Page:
Love and Marriage: Worth Waiting For (Fruitful Lives)

We have had company staying with us for a week now: my brother and nephew came a week ago Saturday, and then friends (a young couple with their 3-month-old baby) arrived last Wednesday and left yesterday.  My brother and nephew will be with us until Saturday. It’s a little busy around here! So, I decided this week I would re-post some articles which I have written in the past, which you may not have read, or if you have, contain messages which we need to be reminded of (me included!) and I think you will enjoy! 
Please continue to comment, as I am checking my blog daily, and love the encouragement of your prayers and comments! I’m thinking about all of you and praying for you!

The following was a very popular post almost a year ago, and also shows us an example which I wish we saw more often of “love and marriage”.  As I am in the process of planning a baby shower for Rachel, who recently gave birth to a little baby girl, I thought it appropriate to share about, and think, once again on the beginnings of Derek and Rachel’s life together!
Mr. K and Rachel
Derek (in uniform)
Preparing for his Bride
These past few days we’ve had the joy of meditating on marriage once more as Saturday we attended Derek and Rachel’s wedding–the 4th wedding that we’ve attended and served at this summer! Two days earlier we’d also had the pleasure of attending what the groom’s family calls a “Celebration Dinner.” I love this custom they’ve established in their family! Let me tell you about it! When one of the T family’s sons marries (this is the third), instead of hosting a groom’s dinner or rehearsal dinner, they host a celebration dinner celebrating all that God has done, and honoring and sharing with 100 or so of their closest friends and family: people who’ve been special to, or invested in the lives of, the bride and groom and their families. It’s an intimate evening of loving God and family, with the special theme of gratefulness.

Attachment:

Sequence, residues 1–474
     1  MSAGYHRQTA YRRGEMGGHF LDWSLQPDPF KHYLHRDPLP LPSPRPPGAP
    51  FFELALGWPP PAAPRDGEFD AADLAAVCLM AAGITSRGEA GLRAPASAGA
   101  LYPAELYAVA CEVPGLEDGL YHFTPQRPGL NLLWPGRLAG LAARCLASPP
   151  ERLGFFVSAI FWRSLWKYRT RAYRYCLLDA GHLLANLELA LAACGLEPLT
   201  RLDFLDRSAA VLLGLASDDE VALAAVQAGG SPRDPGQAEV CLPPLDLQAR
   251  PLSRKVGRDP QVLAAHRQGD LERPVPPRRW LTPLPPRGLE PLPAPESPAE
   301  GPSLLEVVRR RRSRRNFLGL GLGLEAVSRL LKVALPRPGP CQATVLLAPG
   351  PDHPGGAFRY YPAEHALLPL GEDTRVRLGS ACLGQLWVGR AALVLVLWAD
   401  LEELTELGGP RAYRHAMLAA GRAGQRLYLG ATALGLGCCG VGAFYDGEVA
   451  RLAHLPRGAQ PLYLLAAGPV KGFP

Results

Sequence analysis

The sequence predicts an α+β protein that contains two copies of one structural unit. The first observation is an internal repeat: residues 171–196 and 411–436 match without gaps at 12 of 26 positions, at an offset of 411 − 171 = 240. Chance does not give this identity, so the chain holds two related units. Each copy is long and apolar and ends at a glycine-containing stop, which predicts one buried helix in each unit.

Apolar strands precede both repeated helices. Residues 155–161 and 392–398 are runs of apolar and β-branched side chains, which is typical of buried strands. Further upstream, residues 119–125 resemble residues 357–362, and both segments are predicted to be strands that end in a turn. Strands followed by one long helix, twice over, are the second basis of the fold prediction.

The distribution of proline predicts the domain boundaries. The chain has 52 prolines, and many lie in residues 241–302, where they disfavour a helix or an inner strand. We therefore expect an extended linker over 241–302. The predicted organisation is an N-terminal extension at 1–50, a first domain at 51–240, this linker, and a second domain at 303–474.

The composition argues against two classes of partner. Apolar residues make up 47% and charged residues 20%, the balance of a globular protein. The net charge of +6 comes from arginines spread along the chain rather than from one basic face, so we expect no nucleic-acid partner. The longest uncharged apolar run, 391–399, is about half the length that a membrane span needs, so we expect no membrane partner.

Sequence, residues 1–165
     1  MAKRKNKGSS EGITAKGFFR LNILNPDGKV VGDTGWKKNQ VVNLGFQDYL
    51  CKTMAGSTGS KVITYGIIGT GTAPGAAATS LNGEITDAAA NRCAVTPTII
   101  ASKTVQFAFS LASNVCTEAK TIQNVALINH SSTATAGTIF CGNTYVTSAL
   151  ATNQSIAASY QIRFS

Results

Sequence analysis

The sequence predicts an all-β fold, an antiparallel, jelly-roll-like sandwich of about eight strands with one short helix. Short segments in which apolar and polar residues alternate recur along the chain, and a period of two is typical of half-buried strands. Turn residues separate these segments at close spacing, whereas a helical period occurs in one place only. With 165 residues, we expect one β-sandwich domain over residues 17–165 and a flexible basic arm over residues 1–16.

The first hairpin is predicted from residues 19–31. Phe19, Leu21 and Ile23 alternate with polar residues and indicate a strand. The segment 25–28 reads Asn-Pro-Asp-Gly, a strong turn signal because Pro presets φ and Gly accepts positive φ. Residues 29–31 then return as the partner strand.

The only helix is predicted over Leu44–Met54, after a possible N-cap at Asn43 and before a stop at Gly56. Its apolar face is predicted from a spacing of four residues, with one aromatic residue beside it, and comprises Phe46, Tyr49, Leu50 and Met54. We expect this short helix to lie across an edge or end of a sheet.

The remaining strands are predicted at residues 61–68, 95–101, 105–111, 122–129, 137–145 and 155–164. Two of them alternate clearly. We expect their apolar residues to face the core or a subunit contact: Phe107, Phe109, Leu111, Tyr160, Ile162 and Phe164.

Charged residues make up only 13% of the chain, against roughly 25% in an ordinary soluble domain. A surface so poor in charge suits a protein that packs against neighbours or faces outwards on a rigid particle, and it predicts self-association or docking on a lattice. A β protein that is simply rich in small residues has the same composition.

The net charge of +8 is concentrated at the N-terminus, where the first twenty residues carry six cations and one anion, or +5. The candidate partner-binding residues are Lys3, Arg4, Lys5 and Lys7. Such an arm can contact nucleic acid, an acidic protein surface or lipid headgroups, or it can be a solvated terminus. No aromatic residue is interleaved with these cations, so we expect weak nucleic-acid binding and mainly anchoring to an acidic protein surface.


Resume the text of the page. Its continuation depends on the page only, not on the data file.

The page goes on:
On this past Thursday, the bride and groom and the groom’s family, especially, expressed humble gratitude and honor to God, their family and friends. The couple each shared their salvation testimony, retold the story of their courtship and engagement, and the father of the groom charged his son with the seriousness of what he was about to do–he shared from scripture and gave his son a personal challenge, designed specifically for him, to help him as he begins his new role as husband and leader of his own family, and is no longer under the authority of his father, but is now in a relationship of receiving counsel.

It was a very moving evening. There was an intimacy–a warmth, a closeness–in this evening, that was not present even at the wedding. It was a great privilege to be able to share in this special event.  Derek and Rachel shared the story of how God had led them to each other: the patience and trust it had taken waiting for God’s leading and timing; and the importance of the parental counsel, prayer and involvement from both of their parents.